message 23: by Molly (new) - added it

Molly Ball (mollyesque) Anita wrote: "We're nearly through the second week of reading. This section covers a good deal of Pelosi's rise through the political sphere, and I find it interesting how carefully she treaded the topic of her ..."

Hi Anita! I interviewed Pelosi multiple times both for my ongoing coverage in Time and specifically for the book. As for what she wanted in the book, I never asked her that question, but I have a sense from our conversations and from reading her memoir. For example, starting with our very first interview in Baltimore in January 2018, she went out of her way to emphasize her mother's influence, which I think was an attempt to rebalance the overemphasis many people have placed on her father's political career.

Her view of her own image is also something I've asked her about numerous times, but she tends not to engage with those questions. Her blanket answer to questions about her negative or polarizing image is, "If I weren't effective, I wouldn't be a target." To an unusual degree for a politician, she does not seem to spend much time dwelling on how the public at large perceives her. As I write in the book, she's relentlessly focused on results.


message 24: by Molly (new) - added it

Molly Ball (mollyesque) Kim wrote: "thank you to Ms. Ball and the publisher for this opportunity! Nancy Pelosi truly is an interesting subject but I still was amazed at how easy to read this work was...."

Thank you Kim! I wanted this book to be an enjoyable story for non-political junkies, and it means a lot to know that you appreciated that. Tell your friends it's a beach read! ☺️


message 25: by Molly (new) - added it

Molly Ball (mollyesque) Vanessa wrote: "***Who are some writers that influenced your approach to writing this book?..."

Hi Vanessa! I love nonfiction that reads like a novel. Kate Boo's Behind the Beautiful Forevers and Adrian Nicole LeBlanc's Random Family are two of my all-time favorites. As for political profiles, the late Marjorie Williams is a great inspiration: a brilliant reporter and storyteller whose writing always grounds politics in fundamental humanity.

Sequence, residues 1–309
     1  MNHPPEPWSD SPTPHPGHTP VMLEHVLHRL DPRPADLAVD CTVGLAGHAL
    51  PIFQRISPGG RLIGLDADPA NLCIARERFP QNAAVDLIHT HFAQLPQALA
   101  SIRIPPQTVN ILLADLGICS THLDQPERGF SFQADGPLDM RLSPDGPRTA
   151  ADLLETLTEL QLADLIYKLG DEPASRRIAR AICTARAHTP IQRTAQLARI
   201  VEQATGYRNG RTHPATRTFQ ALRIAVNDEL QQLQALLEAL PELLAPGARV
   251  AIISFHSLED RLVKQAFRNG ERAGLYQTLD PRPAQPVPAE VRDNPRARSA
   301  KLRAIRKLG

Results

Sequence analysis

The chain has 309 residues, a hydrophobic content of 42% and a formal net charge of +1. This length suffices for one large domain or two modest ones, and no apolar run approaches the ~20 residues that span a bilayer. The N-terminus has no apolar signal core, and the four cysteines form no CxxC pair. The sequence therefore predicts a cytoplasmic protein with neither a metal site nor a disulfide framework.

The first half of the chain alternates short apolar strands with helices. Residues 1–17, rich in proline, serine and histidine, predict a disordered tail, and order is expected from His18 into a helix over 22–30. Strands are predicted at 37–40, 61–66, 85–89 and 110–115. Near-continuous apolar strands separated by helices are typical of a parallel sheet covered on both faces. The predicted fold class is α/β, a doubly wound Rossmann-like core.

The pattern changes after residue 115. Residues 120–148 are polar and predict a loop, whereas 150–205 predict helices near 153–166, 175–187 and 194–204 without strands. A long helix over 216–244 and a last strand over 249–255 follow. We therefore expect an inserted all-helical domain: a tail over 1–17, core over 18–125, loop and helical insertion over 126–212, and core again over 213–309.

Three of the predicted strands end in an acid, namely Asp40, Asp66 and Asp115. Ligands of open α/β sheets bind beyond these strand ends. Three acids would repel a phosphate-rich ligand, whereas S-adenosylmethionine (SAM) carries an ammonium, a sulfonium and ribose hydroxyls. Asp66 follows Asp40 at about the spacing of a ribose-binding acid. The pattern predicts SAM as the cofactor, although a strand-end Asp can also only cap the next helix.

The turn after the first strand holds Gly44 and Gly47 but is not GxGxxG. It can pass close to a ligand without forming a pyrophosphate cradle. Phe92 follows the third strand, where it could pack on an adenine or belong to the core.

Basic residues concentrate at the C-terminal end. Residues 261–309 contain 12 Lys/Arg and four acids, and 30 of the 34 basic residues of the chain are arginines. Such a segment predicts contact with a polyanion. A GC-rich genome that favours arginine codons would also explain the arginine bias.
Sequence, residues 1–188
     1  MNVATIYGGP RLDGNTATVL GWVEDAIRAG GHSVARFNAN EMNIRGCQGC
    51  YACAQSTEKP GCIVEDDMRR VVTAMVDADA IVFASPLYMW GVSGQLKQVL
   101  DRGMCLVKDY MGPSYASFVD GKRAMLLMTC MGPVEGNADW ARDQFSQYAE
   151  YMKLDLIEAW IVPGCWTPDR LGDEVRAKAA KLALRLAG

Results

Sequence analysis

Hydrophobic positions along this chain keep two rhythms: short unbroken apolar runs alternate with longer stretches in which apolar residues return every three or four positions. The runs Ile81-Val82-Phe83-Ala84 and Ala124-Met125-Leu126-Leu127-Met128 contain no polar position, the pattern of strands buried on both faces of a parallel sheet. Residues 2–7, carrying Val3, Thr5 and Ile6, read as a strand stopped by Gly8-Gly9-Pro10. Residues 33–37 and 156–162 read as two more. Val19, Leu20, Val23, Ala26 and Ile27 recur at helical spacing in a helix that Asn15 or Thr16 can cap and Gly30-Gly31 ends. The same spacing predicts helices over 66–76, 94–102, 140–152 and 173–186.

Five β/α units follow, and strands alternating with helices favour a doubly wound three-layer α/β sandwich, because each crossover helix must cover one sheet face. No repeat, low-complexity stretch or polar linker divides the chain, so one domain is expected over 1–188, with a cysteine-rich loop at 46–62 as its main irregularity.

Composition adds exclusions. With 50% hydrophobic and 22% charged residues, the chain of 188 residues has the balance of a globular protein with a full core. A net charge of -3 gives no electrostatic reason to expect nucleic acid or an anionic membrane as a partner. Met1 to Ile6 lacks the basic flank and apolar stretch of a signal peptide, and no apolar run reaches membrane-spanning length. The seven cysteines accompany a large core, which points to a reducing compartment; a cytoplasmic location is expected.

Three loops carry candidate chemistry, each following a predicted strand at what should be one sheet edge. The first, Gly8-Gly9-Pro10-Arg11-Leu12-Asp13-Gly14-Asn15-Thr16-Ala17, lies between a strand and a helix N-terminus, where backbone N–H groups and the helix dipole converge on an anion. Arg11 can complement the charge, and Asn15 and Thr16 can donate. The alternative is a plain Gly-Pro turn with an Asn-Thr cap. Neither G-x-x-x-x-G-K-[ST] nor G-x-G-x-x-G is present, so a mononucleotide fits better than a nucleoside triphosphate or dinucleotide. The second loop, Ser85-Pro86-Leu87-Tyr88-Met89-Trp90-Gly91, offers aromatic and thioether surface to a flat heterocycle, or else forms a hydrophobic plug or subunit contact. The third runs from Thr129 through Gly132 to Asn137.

Joe Biden and Nancy Pelosi have known each other for a long time and respect each other, but he's fundamentally a creature of the Senate—he was elected directly to the Senate in 1972 and was frequently dispatched to work with Senate leaders during the Obama administration. Pelosi is very House-focused, so they haven't worked together all that much.

Pelosi definitely inspires a lot of vitriol—my inbox fills up with it whenever I write about her! She's certainly not the only divisive figure I've covered. But as I write in the book, it's been interesting to track the changing perceptions of her over time, and the extent to which the conventional wisdom about her reflected reality (or not) over the course of her career.

The rumor about Paul buying her clothes is a myth, but it's true she hates to shop. He does give her wardrobe advice and will sometimes tell her it's time to retire a certain outfit when it's getting threadbare, I'm told. The famous red coat that she's wearing on the cover of the book: she also wore it to Obama's 2013 inauguration, and when it became famous in 2018, she was mostly annoyed that she wouldn't be able to wear it anymore without people thinking she was making some sort of statement.


message 26: by Honore (new) - added it

Honore | 78 comments ** Molly, I was curious if you have any thoughts about who might be contenders for the position of speaker of the house when Nancy Pelosi steps down in the future? Is there anyone that you think Pelosi has been grooming for the position?


Anita Fajita Pita (anitafajitapitareada) | 384 comments Mod
Ms. Ball,
Thank you so much for sharing this book with us and for answering our questions. I can honestly say that my perception of Nancy Pelosi has shifted just from reading your book - and I will definitely spread the word that it is a must read - so maybe you will see perceptions shift even more as your book gains traction.

***That also makes me wonder if you have plans to write about other women in American politics?


Anita Fajita Pita (anitafajitapitareada) | 384 comments Mod
Honore wrote: "** Molly, I was curious if you have any thoughts about who might be contenders for the position of speaker of the house when Nancy Pelosi steps down in the future? Is there anyone that you think..."

Those were great questions Honore I was really hoping she would catch them.

I hope you all enjoyed this extra read. It was a great experience for me as a mod putting this all together, and thank you all who participated with us.